New measures for reopening will see Irish workplaces change beyond recognition
Measures drawn up by Government, unions and employers to be monitored by HSA
Handshakes will be banned. Temperature testing will be carried out in line with public health advice. Workers will not be allowed to share pens, bottles, or cups. Photograph: Alex Welsh/New York Times
Ireland’s workplaces will change beyond recognition as Covid-19 restrictions ease, under an agreement reached between the Government, employers and trade unions.
Handshakes will be banned, temperature testing will be carried out in line with public health advice and workers will not be allowed to share pens, bottles or cups.
Vulnerable at-risk workers must be “preferentially supported” to maintain physical distancing, and where possible, be supported by their employers to work from home.
Workers will be organised into small teams that consistently work and take breaks together and must limit interactions with other colleagues, while all staff should be encouraged to stay working from home.
Workers will have to sign a form three days before a return to their workplace to certify “to the best of their knowledge” they do not have Covid-19 symptoms, that they are not self-isolating, or waiting for test results.
The new rules will be monitored by the Health and Safety Authority, which will have powers to overturn poor behaviours, or even to close premises that are not complying.
Meanwhile it has emerged that civil servants in the Department of Transport have been told it is likely large numbers of them will be working from home for the rest of the year.
The secretary-general of the department, Graham Doyle, wrote to all staff “it is likely that most of us will be working from home (to a greater or lesser extent) for the remainder of 2020”.
Mr Doyle’s email points out that remote working will remain in place for those who can do so until, at a minimum, August under the Government’s Covid-19 road map. Mr Doyle said he expects a staggered return to work “will likely involve a maximum of 25 per cent of staff being present in any of our offices at any one time”.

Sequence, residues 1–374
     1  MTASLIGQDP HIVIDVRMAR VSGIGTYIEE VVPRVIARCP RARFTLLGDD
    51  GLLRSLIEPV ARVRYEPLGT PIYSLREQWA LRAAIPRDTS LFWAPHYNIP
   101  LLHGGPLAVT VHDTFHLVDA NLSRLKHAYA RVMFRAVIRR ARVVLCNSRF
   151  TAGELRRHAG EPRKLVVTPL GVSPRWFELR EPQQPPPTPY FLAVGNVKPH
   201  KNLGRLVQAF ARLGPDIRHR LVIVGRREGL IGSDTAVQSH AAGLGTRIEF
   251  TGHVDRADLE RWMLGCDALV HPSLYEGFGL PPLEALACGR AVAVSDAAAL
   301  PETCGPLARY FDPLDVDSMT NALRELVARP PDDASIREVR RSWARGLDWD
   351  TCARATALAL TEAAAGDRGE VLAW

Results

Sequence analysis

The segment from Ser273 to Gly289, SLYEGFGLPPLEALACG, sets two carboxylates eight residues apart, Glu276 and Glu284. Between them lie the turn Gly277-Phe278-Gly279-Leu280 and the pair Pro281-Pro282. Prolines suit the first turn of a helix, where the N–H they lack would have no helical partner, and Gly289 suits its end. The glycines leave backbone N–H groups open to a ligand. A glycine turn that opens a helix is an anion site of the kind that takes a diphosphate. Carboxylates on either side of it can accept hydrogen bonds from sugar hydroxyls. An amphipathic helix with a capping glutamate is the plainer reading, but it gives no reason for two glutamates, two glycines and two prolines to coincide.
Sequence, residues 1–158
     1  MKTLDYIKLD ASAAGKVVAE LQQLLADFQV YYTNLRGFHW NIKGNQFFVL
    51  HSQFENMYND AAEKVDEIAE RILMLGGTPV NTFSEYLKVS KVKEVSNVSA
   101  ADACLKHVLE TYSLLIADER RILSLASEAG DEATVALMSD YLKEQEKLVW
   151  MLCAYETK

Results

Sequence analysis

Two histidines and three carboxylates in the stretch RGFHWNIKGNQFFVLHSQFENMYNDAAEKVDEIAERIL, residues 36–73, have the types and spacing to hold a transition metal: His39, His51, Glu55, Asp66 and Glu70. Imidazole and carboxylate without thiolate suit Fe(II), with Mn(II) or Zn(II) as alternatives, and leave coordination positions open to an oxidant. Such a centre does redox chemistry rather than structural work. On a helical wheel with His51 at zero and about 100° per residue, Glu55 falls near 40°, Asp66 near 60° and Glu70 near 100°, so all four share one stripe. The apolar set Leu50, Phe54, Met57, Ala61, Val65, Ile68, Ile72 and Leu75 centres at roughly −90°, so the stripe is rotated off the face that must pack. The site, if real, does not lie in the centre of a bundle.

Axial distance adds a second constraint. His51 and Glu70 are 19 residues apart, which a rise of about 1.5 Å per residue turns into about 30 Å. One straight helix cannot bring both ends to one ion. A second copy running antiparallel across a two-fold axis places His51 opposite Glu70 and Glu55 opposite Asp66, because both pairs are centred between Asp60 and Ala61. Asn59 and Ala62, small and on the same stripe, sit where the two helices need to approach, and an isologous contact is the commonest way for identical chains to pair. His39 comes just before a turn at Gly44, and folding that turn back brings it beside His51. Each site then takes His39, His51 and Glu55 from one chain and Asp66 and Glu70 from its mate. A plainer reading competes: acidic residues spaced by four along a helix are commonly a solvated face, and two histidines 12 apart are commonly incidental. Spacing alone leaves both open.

Details of the National Return to Work Safely Protocol are due to be announced today after it was considered by the Cabinet yesterday . It will mean social distancing rules will have to be rigidly enforced, including a ban on all except essential face-to-face meetings. Employers should set up one-way systems for staff entering and leaving buildings while business travel is discouraged.
Canteens must close unless social distancing can be obeyed and meal breaks should be staggered. Where keeping people two metres apart is not possible, such as production lines, alternative measures should be put in place, such as plastic sneeze guards, or by maintaining “at least a distance of one metre”.
The protocol also maintains that employers must provide personal protective equipment and protective clothing to workers in accordance with identified Covid-19 exposure risks and in line with public health advice.
Meanwhile 10 outbreaks of Covid-19 have been identified in meat processing plants and 566 staff have been infected, according to the National Public Health Emergency Team (NPHET).
HSE outbreak control teams have been sent into each plant to try to control the outbreaks, according to chief medical officer Dr Tony Holohan.
The deaths of another 27 patients were announced by the NPHET at its briefing yesterday. There have now been 1,429 Covid-19 related deaths in the Republic. Some 156 new cases of the disease were reported by NPHET. The new cases bring the total number of cases to 22,541.
Compliance with restrictions introduced to curb the spread of the virus remains very high, according to Dr Holohan.